One of the most divisive U.S. government programs in decades is being voluntarily slowed by the Obama administration. The “employer mandate” of President Obama’s expanded healthcare program requiring businesses with 50 or more employees to pay health benefits to their full-time workers is being delayed by a year.
While 96% of American businesses affected by the employer mandate are already complying, the Administration announced it will delay enforcing the requirement on the remaining 4% until 2015, giving them an extended grace period to transition into the program.
Is the Administration’s change of heart a relief measure to help small businesses through these tough economic times? Or is it simply a change of political strategy? More importantly to investors, are there investment opportunities to be found here?
Why the Delay
Since the requirement for employers to pay into their full-time employees’ medical insurance was first presented, Republicans and business owners have voiced their opposition.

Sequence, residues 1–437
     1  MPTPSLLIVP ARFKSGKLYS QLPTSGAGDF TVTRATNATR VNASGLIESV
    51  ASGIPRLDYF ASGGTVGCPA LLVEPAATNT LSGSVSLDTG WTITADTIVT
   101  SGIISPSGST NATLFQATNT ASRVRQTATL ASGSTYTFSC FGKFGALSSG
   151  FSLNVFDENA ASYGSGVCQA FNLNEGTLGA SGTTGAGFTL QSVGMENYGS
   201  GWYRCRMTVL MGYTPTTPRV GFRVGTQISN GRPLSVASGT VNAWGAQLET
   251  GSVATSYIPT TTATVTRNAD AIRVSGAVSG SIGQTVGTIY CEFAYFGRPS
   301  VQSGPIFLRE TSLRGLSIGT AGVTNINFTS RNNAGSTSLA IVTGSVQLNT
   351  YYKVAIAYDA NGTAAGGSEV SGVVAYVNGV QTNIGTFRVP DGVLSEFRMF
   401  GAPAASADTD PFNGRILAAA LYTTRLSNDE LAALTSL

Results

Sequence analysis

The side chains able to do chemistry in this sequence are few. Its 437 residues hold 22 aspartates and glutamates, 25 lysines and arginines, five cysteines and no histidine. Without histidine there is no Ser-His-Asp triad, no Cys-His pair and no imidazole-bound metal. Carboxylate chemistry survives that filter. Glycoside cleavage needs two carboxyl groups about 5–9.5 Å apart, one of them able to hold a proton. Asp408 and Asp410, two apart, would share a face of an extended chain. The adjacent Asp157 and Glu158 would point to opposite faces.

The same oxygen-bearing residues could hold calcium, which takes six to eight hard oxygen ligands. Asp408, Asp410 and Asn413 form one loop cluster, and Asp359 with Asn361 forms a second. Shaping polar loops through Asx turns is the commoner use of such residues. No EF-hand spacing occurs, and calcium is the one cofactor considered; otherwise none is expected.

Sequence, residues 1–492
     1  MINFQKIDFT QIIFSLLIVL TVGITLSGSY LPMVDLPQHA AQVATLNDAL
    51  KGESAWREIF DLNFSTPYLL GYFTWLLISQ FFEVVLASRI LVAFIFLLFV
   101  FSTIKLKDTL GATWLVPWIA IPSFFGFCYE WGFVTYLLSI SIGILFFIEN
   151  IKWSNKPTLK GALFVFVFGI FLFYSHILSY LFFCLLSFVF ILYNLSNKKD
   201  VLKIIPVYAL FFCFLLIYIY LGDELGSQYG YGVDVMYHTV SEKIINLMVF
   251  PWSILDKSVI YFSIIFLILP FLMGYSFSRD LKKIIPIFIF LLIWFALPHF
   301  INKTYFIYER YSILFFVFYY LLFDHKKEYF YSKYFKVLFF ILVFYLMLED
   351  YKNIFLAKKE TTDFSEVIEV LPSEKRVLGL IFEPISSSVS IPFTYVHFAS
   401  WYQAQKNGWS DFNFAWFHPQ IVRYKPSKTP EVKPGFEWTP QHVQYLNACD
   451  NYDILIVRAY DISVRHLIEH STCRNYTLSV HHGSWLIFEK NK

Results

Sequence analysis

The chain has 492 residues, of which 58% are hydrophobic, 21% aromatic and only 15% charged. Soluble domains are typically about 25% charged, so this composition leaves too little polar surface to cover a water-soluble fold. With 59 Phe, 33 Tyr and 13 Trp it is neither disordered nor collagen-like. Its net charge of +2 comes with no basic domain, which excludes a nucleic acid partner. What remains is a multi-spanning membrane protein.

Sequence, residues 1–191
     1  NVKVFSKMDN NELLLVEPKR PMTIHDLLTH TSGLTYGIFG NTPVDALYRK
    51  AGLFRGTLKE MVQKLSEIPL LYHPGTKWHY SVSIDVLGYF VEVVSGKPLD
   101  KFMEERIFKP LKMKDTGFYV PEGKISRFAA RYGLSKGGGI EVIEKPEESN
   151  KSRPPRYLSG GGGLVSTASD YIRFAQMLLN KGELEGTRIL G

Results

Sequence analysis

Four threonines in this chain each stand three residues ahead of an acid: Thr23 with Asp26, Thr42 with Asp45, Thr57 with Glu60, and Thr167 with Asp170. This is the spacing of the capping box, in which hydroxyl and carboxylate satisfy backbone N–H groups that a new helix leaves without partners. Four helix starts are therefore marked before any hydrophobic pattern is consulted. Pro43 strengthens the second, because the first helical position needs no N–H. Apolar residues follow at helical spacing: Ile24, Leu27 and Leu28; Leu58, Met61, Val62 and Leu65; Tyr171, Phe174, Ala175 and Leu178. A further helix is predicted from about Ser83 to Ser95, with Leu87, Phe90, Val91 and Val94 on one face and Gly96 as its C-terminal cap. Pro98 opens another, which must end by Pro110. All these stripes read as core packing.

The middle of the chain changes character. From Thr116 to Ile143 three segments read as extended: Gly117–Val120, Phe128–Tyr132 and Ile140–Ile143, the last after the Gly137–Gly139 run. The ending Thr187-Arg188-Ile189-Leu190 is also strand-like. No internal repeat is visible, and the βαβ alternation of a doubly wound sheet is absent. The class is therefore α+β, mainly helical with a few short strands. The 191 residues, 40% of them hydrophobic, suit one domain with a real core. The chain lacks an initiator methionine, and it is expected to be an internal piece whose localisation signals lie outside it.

The Business Roundtable indicated that the mandate’s extensive reporting requirements would demand “substantial changes in administrative procedures and reprogramming of recordkeeping systems,” Bloomberg cites.
“Employers need more time and clarification of the rules of the road before implementing the employer mandate,” Randy Johnson, a senior vice president at the U.S. Chamber of Commerce, the nation’s largest business lobby, stressed in an e-mail obtained by Bloomberg.
Senior Obama adviser Valerie Jarrett, who first announced the mandate’s delay on her blog, presents it as a response to the business community’s concerns. “In our ongoing discussions with businesses we have heard that you need the time to get this right,” she offered, assuring that the administrators “have and will continue to make changes as needed.”
Mark J. Mazur, assistant secretary for tax policy, continued the “you spoke – we listened” theme in a post on the Treasury Department’s website, as cited by CNN Politics:
“We recognize that the vast majority of businesses that will need to do this reporting already provide health insurance to their workers, and we want to make sure it is easy for others to do so. We have listened to your feedback. And we are taking action,” he confirmed, adding that the extra time afforded by the delay will enable the simplification of the reporting process.